New computational approach improves characterization of cellular diversity

Researchers in the United States have developed a computational method called “weighted-nearest neighbor” (WNN) analysis that can significantly improve the ability to define cellular states across various biological contexts and data types.

“We demonstrate throughout this manuscript that performing downstream analyses on a weighted combination of data types dramatically improves our ability to characterize cellular diversity,” said Rahul Satija (New York University) and colleagues.

By applying this analytical framework to a dataset of hundreds of thousands of human white blood cells and more than 200 antibodies, the team created a multimodal atlas of the circulating immune system.

This enabled the researchers to identify heterogeneous cell states in human lymphocytes and investigate immune responses to vaccination and infection with severe acute respiratory syndrome coronavirus 2 (SARS-CoV-2), the agent responsible for the current coronavirus disease 2019 (COVID-19) pandemic.

A pre-print version of the paper is available on the server bioRxiv*, while the article undergoes peer review.

Limitations of using transcriptomics alone

While established technologies such as single-cell RNA-seq (scRNA-seq) enable the discovery of new cell types and states in heterogeneous tissues, it is often not possible to separate molecularly similar, but functionally distinct, types of immune cells using transcriptomics alone.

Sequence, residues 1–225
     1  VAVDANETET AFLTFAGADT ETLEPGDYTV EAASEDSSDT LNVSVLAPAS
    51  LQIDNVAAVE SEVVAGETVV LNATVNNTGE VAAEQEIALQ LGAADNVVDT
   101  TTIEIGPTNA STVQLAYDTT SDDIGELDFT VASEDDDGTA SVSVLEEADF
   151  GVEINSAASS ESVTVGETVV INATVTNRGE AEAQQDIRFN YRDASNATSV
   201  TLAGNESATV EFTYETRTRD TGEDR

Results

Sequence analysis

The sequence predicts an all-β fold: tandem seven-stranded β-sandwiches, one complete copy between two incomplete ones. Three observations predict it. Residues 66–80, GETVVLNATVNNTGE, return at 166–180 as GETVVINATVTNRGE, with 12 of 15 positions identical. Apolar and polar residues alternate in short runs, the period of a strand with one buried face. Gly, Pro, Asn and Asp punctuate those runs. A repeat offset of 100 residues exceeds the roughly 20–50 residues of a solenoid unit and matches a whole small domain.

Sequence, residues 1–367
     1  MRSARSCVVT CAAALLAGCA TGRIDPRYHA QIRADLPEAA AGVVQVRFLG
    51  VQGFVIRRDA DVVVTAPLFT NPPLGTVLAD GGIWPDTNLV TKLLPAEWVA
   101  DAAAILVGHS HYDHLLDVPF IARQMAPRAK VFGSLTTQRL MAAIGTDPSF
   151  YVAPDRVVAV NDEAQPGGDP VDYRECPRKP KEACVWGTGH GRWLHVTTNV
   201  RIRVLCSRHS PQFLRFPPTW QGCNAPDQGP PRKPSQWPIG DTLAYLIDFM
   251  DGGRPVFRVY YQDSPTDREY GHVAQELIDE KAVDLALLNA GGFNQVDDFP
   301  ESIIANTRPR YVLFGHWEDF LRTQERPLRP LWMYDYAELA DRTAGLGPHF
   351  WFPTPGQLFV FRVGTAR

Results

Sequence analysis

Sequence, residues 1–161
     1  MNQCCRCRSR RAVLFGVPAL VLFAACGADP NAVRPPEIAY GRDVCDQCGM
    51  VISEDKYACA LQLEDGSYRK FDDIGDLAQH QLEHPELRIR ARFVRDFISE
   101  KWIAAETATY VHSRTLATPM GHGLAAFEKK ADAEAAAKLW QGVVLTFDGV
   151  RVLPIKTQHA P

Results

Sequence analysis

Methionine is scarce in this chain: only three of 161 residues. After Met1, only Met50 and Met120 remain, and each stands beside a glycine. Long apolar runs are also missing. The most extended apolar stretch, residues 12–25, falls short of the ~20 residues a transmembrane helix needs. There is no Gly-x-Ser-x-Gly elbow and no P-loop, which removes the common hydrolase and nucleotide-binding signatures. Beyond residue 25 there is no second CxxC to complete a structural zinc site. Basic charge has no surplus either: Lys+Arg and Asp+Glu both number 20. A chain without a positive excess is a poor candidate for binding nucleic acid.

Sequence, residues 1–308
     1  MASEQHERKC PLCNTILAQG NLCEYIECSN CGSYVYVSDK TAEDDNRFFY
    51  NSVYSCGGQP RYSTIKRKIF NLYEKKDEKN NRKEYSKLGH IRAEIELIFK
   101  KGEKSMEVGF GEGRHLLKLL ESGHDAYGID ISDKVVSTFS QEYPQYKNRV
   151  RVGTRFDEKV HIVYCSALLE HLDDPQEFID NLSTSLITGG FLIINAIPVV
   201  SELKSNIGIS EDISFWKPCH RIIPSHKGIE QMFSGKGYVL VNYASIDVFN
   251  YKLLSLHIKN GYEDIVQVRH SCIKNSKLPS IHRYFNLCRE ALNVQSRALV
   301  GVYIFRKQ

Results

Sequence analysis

Multimodal analysis, which enables the different cellular modalities to be measured simultaneously, could provide a solution to overcoming the limitations of single-cell genomics and help to investigate how multiple modalities affect cellular state and function.

However, such approaches require new computational methods capable of defining cellular states based on multiple different data types.

“For example, while CITEseq [Cellular Indexing of Transcriptomes and Epitopes by Sequencing] datasets can be analyzed by first identifying clusters based on gene expression values, and subsequently exploring their immunophenotypes, a multimodal computational workflow would define cell states based on both modalities,” say Satija and team.